Kurdish freedom fighter Medea escapes the Turkish military and arrives at UK Border Control on a forged passport. Slipping through immigration, Medea discovers how to exist on the margins of London life. Working illegally as a cleaner in a gym, she meets Jason-Mohammed, the son of Iraqi immigrants. Their attraction results in the birth of twin boys. Medea believes that she has finally found a new home, a new family and a new life.
But when Jason-Mohammed’s father decides that his son must marry Glauke, an Iraqi cousin, Medea realises that she will lose both her sons and her safe haven in the UK.
As her whole world falls apart, she is forced to accept that she has nothing to lose by revenging herself – destroying the lives who those who have betrayed her and keeping her sons’ spirits with her forever…
Based on interviews with Kurdish fighters living in the UK, and written and directed by the first woman ever to direct at the National Theatre, Blueprint Medea is an award-winning new drama loosely inspired by Euripides’ Medea, which connects the classical to the contemporary to explore eternal questions of passion, war, cultural identity, women’s freedom, sex, family and love.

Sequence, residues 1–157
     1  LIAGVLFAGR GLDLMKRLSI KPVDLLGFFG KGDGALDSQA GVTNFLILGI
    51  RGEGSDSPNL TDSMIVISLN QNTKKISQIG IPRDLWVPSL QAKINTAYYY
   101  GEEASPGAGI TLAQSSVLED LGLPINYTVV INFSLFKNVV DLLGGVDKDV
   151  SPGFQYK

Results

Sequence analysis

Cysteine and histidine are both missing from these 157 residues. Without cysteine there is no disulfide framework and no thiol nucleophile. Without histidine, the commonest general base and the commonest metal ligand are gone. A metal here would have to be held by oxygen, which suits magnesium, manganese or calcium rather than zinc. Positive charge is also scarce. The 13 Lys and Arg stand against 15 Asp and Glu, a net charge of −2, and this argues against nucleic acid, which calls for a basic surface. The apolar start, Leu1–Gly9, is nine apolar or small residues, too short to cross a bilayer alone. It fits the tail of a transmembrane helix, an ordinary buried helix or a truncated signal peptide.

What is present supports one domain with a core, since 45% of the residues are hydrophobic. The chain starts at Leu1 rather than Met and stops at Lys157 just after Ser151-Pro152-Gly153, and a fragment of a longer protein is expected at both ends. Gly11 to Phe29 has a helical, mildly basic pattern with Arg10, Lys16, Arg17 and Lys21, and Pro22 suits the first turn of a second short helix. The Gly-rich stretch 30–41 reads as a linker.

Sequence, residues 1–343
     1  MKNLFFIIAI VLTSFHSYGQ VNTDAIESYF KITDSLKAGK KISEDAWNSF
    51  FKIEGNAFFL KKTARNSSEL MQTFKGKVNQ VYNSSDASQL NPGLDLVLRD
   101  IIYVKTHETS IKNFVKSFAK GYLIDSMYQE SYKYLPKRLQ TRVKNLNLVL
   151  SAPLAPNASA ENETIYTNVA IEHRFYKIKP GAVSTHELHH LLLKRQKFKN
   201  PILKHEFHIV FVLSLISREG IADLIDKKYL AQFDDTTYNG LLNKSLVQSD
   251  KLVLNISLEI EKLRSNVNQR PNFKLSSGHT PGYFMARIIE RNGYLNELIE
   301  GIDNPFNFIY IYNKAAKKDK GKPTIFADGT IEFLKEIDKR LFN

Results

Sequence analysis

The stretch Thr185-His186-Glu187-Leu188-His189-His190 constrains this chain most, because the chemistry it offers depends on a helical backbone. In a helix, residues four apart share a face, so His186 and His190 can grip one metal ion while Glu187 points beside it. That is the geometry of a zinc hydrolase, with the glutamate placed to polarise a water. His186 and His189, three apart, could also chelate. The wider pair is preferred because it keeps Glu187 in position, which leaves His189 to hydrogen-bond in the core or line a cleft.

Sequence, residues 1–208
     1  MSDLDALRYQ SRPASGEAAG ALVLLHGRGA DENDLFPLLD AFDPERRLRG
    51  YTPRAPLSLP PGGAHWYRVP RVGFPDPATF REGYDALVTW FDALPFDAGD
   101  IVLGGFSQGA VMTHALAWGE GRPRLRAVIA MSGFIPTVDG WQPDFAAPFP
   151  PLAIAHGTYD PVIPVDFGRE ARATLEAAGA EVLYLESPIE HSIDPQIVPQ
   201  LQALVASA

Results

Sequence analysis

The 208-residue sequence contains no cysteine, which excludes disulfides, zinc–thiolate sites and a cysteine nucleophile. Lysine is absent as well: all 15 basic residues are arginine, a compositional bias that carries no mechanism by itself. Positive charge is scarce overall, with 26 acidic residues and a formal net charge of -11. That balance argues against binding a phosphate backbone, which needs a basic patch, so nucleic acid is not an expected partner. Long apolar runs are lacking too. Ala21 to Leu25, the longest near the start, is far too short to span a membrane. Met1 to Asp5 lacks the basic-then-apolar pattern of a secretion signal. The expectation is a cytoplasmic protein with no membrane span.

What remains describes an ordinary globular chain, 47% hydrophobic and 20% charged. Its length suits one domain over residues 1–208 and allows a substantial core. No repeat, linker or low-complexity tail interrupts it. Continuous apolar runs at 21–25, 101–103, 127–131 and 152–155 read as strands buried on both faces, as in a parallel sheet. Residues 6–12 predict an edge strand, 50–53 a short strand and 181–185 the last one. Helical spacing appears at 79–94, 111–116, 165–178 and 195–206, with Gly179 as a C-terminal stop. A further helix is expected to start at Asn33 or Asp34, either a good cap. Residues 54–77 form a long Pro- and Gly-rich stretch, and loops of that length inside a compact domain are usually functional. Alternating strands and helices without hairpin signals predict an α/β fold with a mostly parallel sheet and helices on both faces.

Julia Pascal’s dynamic production sees Medea reborn as a former fighter against Isis who finds Jason in the British capital
All in all, the play's messy and shallow but does feature some impressive work from the actors even if the psychological level of the written roles is disappointing
A modern adaptation of Euripides that fails to convince despite a promising premise